472d Bombardment Group
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|468th Bombardment Group|
|Branch||United States Air Force|
|Part of||Second Air Force|
The 472d Bombardment Group is an inactive United States Air Force unit. It was last assigned to the Second Air Force, being stationed at Clovis Army Airfield, New Mexico. It was inactivated on 1 April 1944.
The group served as the initial Operational Training Unit (OTU) for prototype B-29 Superfortress aircraft as part of the 58th Bombardment Wing. After the wing deployed to India, it was involved in training B-29 crews in New Mexico and took part in early testing of the B-29 to carry the Atomic Bomb.
The group was activated on 1 September 1943 at Smoky Hill Army Air Field, Kansas. The 808th, 809th, 810th and 811th Bombardment Squadrons were simultaneously activated and assigned to the group. Although the 472d's mission was to train aircrews on the Boeing B-29 Superfortress, the squadrons also flew Boeing B-17 Flying Fortresses. The group was assigned to the 58th Bombardment Wing, which returned to Smoky Hill from Marietta Army Air Field in the middle of the month. The 472nd Bombardment Group was to be the initial group to receive the prototype YB-29 and first production B-29 Superfortresses.
President Roosevelt wanted B-29 bombing raids against Japan to start by January 1944. However, delays in the B-29 program forced General Arnold to admit to the president that the bombing campaign against Japan could not begin until May 1944 at the earliest. The crews of the B-29 needed a degree of specialist training that was not required for crews of other, less complex aircraft. It usually took 27 weeks to train a pilot, 15 to train a navigator, and 12 to train a gunner. The complexity of the B-29 was such that a lengthy process of crew integration had to take place before combat deployment could begin. By the end of December 1943, only 73 pilots had qualified for the B-29 and very few crews had been brought together as a complete team.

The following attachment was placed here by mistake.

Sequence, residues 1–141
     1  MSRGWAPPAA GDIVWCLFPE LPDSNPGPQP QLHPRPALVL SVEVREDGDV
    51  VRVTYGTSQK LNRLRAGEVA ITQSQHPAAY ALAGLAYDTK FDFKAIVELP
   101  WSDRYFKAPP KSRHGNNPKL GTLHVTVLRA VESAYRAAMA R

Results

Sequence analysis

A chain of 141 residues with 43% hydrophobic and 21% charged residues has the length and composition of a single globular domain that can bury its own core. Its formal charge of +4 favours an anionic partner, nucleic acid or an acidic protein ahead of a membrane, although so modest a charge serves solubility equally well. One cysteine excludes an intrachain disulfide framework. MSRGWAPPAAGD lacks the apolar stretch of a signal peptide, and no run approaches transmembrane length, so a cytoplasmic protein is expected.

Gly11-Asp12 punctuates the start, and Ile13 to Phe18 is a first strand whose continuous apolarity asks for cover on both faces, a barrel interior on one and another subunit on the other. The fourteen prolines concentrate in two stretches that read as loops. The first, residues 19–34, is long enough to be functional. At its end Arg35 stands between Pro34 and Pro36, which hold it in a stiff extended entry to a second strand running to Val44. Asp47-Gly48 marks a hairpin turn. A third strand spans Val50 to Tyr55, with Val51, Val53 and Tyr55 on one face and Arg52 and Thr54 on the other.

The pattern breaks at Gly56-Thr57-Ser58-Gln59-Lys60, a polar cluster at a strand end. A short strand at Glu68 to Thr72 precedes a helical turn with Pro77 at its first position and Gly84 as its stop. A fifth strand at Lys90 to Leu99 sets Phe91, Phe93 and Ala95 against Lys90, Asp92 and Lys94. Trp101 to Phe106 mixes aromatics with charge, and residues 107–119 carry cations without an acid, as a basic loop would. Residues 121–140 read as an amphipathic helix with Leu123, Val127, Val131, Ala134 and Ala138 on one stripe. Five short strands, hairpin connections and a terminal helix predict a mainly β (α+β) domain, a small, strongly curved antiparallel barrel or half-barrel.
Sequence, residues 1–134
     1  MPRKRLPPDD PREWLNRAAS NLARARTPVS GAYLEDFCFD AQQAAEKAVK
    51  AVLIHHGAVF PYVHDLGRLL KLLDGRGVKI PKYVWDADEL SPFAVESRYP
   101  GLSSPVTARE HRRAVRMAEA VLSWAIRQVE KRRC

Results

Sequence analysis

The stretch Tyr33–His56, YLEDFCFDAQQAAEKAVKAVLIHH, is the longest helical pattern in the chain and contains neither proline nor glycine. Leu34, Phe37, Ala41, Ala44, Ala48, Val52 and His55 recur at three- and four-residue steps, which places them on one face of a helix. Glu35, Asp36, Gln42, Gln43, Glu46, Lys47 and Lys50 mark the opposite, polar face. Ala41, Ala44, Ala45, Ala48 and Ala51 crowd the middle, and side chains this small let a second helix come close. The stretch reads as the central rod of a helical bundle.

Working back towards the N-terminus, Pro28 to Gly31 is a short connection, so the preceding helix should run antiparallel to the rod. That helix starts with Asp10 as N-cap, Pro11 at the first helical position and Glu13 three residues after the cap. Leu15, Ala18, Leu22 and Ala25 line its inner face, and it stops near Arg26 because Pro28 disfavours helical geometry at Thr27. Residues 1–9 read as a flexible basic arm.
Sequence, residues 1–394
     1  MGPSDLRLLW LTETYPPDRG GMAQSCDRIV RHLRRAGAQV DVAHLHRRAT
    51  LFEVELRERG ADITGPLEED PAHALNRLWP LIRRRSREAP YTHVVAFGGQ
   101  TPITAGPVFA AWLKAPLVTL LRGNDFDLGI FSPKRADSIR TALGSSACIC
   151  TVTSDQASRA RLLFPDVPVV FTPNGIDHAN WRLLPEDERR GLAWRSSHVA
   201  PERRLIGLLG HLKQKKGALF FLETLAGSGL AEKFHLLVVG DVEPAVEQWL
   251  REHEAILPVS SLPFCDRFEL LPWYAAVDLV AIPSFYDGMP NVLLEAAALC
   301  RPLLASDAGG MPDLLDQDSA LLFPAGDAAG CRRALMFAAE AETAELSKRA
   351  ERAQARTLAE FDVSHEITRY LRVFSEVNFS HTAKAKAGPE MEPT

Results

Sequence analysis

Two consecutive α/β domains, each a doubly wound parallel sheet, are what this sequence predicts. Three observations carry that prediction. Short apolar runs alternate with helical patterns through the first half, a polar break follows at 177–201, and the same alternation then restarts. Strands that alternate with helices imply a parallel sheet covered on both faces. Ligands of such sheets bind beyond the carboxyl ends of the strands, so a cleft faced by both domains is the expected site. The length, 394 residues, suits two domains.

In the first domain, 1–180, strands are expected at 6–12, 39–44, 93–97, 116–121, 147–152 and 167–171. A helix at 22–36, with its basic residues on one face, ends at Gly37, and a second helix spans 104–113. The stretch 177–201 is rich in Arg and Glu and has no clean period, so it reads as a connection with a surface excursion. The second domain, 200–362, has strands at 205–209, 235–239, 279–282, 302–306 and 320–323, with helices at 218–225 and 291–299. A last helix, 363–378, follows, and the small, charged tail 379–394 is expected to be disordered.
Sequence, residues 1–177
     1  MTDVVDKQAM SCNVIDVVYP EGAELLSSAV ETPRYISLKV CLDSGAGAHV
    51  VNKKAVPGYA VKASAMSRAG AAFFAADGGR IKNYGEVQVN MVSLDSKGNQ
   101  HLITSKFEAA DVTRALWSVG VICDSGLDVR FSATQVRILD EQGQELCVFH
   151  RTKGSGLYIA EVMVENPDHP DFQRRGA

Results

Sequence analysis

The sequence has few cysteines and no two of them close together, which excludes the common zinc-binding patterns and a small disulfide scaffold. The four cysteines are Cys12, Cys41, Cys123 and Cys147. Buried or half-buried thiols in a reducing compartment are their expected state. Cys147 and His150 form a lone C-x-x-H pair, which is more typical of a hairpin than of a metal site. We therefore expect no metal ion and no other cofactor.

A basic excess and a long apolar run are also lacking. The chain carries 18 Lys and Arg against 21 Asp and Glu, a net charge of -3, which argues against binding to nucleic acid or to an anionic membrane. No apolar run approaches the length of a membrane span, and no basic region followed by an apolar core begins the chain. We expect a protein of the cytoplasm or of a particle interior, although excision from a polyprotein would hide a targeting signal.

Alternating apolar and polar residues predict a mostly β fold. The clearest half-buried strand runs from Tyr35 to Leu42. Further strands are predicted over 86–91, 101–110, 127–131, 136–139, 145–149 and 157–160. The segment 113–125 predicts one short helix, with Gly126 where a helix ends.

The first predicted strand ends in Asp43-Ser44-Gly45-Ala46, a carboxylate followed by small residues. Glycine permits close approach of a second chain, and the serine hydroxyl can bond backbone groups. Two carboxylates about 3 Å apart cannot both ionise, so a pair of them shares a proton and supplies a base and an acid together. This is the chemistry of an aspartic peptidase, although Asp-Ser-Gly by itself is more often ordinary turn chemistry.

After the initial groups of the 58th Wing completed conversion training on the B-29, the 472d and its squadrons moved to Clovis Army Air Field, New Mexico about 7 December 1943 to begin training follow-on B-29 crews. However the group also was involved in secret testing of the B-29 for suitability in carrying Atomic Bombs, which were being developed at Los Alamos, New Mexico.
With these initial tests completed, and the B-29 crew training program well underway, the group was inactivated on 1 April 1944.
- Constituted as the 472nd Bombardment Group (Heavy) on 19 May 1943
- Activated on 1 September 1943
- Redesignated 472nd Bombardment Group, Very Heavy on 1 December 1943
- Disbanded on 1 April 1944
- 808th Bombardment Squadron, 1 September 1943 – 1 April 1944
- 809th Bombardment Squadron, 1 September 1943 – 1 April 1944
- 810th Bombardment Squadron, 1 September 1943 – 1 April 1944
- 811th Bombardment Squadron, 1 September 1943 – 1 April 1944
- Smoky Hill Army Air Field , Kansas, 1 September 1943
- Clovis Army Air Field, New Mexico, 7 December 1943 – 1 April 1944
- Explanatory notes
- Aircraft is Boeing B-29A-30-BN Superfortress, serial 42-94106.
- Maurer, Maurer, ed. (1983) . Air Force Combat Units of World War II (PDF) (reprint ed.). Washington, DC: Office of Air Force History. ISBN 0-912799-02-1. LCCN 61060979. Retrieved December 17, 2016.
- Maurer, Maurer, ed. (1982) . Combat Squadrons of the Air Force, World War II (PDF) (reprint ed.). Washington, DC: Office of Air Force History. ISBN 0-405-12194-6. LCCN 70605402. OCLC 72556. Retrieved December 17, 2016.
- Further reading
- Dorr, Robert (2003), B-29 Superfortress Units of the Korean War, Osprey Publishing. ISBN 1-84176-654-2
- Dorr, Robert (2002), B-29 Units of World War II, Osprey Publishing. ISBN 1-84176-285-7
- Rhodes, Richard (1986), The Making of the Atomic Bomb. Simon and Schuster ISBN 0-684-81378-5